The Czech foreign ministry has advised all Czech nationals who may still be on the territory of Iraq, Kuwait or Jordan to leave without delay. In view of security risks from impending war it has advised Czechs not to plan trips to the region until further notice. The ministry has likewise published a list of ten other countries which are considered high risk. Embassy staff, including non essential personnel have been evacuated from the region.
Prime Minister Vladimir Spidla has announced that the Czech ruling coalition would seek a vote of confidence in the lower house of parliament. The decision was made after Mr Spidla's three-party centre-left coalition failed to give its candidate enough support during Friday's presidential elections. Rebel coalition members switched sides to join opposition MPs in electing Vaclav Klaus in the final round of balloting. Speaking to journalists on Monday, Mr Spidla said it was not clear when the vote of confidence would be held. While newly elected President Vaclav Klaus has welcomed the decision, experts say the move is too risky as the coalition only has a one-vote majority in the 200-seat lower house.
Results of a recent study made by the Centre for Public Opinion Research less than four months before the country's referendum on EU membership is scheduled to take place, suggest that 56 percent of Czechs feel they have not been given enough information on what EU membership would entail. Despite these statistics, the number of Czechs in support of the country's accession to the EU has increased by 14 percent since October to reach 69 percent.
Czech President-elect Vaclav Klaus began his first week in office on Monday with the building of a presidential staff, which should be in place before his formal inauguration ceremony on Friday. Mr Klaus has also expressed hope to strengthen the presidential powers by overhauling the Central Bank's governing board, appointing new court judges and getting involved in the preparations for the country's referendum on EU enlargement in June.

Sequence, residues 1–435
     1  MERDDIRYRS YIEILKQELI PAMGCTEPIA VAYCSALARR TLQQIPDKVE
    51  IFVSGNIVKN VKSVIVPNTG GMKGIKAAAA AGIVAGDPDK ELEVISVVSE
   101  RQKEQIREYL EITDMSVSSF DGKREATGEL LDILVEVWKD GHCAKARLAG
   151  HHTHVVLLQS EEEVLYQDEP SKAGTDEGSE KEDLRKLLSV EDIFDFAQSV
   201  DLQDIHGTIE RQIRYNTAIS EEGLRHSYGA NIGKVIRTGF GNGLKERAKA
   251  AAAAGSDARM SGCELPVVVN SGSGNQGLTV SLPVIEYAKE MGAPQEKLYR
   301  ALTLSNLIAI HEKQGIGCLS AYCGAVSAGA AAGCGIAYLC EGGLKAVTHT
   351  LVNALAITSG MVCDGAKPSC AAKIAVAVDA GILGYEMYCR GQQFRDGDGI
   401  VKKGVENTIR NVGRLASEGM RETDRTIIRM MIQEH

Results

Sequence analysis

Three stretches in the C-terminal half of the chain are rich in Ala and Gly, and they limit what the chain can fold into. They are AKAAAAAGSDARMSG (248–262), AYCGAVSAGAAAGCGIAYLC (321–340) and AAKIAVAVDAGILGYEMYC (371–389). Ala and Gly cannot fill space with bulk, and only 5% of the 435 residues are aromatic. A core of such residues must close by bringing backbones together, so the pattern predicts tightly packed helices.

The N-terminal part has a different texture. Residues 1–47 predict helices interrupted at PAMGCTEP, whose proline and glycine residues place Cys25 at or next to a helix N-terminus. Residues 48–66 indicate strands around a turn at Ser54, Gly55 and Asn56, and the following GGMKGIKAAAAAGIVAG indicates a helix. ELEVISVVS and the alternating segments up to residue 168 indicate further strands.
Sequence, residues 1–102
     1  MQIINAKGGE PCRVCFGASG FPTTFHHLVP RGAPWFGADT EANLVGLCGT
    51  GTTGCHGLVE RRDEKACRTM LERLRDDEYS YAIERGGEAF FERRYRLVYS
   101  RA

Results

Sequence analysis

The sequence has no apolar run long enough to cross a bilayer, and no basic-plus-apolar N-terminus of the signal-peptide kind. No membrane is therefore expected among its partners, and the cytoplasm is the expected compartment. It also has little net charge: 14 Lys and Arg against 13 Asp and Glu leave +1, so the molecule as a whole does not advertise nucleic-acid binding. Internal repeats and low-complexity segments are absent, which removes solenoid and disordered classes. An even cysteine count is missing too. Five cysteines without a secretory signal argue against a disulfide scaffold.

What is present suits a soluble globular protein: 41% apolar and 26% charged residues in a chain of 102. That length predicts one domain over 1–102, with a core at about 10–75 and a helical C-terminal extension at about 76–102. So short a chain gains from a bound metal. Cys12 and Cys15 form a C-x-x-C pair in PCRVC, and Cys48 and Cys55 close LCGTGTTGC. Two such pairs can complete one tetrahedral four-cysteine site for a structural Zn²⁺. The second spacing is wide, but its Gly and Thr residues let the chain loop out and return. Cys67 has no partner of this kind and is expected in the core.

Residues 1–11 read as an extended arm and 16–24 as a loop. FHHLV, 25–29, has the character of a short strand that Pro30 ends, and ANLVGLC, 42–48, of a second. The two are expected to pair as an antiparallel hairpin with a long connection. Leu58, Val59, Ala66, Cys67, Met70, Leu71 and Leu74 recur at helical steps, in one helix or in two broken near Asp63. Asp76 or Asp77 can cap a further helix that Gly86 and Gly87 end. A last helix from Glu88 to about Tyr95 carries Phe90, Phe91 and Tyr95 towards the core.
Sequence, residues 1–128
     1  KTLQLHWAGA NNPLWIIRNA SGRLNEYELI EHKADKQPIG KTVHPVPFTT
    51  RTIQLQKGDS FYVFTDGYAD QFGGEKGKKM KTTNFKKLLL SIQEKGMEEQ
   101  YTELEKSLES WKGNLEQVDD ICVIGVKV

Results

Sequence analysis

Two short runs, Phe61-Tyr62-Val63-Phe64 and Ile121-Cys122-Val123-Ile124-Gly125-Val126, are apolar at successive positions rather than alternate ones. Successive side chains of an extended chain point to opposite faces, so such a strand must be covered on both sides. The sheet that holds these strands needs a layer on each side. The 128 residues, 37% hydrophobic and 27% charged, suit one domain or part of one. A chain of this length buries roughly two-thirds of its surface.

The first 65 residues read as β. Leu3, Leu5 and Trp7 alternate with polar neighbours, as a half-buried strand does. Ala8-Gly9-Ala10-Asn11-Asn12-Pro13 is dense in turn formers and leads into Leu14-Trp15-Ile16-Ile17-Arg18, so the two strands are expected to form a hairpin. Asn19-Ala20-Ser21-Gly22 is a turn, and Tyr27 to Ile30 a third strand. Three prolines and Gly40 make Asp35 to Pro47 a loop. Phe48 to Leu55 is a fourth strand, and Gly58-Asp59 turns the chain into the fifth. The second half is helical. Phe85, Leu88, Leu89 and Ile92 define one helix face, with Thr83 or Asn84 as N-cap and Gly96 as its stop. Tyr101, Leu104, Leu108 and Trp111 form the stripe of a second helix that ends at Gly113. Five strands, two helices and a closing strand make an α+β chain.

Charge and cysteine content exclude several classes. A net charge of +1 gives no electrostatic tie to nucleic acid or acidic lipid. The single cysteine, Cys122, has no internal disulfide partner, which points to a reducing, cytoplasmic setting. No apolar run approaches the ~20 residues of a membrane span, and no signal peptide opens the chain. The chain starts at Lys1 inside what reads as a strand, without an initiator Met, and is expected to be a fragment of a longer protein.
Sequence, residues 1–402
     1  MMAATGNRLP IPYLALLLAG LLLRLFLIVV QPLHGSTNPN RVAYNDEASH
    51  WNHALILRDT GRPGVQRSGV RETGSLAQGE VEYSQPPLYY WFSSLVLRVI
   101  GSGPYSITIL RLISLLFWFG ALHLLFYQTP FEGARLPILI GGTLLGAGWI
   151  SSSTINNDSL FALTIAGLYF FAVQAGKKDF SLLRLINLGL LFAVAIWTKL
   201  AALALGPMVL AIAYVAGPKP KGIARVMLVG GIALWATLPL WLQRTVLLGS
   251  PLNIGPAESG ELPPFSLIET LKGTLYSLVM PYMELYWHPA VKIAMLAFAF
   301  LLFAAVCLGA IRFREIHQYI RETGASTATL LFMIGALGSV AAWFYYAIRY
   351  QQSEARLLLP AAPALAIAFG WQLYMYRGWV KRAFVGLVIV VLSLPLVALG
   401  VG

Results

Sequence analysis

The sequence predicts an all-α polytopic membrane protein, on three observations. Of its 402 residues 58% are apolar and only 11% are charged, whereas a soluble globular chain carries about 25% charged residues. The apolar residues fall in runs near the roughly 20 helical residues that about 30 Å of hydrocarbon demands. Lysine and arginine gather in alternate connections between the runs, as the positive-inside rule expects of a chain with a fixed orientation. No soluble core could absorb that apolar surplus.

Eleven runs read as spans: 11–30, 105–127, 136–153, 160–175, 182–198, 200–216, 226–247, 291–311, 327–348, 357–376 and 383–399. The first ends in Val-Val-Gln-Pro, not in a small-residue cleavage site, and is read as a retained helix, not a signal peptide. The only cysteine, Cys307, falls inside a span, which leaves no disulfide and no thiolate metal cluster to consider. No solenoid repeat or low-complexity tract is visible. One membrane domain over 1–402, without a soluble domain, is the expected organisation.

Politicians and the media have been responding to the election of the conservative former prime minister Vaclav Klaus as the new president of the Czech Republic. Mr Klaus succeeds his long-time rival Vaclav Havel, who led the country for 13 years after the fall of Communism. Mr Klaus - until recently leader of the opposition Civic Democrats - won by a majority of just two votes in Friday's election, a joint session of the two houses of parliament. He won largely thanks to the support of the opposition Communist Party and a group of rebel MPs from the ruling coalition, who refused to vote for the coalition's official candidate Jan Sokol.
Among the first to congratulate Mr Klaus was his predecessor, Vaclav Havel. Mr Havel, currently on holiday abroad, sent a statement via his secretary wishing Mr Klaus the best of luck in his new post. Mr Havel also said he would be pleased to return to the Czech Republic to attend the new president's inauguration, which takes place on Friday at Prague Castle.
Mr Klaus himself has denied that he was only elected thanks to the support of the Communist Party. He said on a television interview programme that he was 100 percent certain he had received votes from all the parties in the lower house of parliament. He also denied doing deals with the Communists in exchange for their support. Meanwhile, the deputy leader of the Communist Party, Miloslav Ransdorf, has said he is considering resigning from the party if reports that most Communist MPs voted for Mr Klaus are confirmed.
There has been a mostly negative to the result in the European press. Britain's Guardian newspaper said Mr Klaus's victory had cast doubt on the Czech Republic's membership of the European Union. Meanwhile the leading French dailies Le Figaro and Liberation both described him as a "leading Euro-sceptic." Spain's El Pais newspaper said Mr Klaus represented the antithesis of Mr Havel's humanistic ideals. Austria's Die Presse said Mr Klaus would be a pragmatic partner who would, however, refuse to compromise on issues such as the dispute over the post-war expulsion of the Sudeten Germans.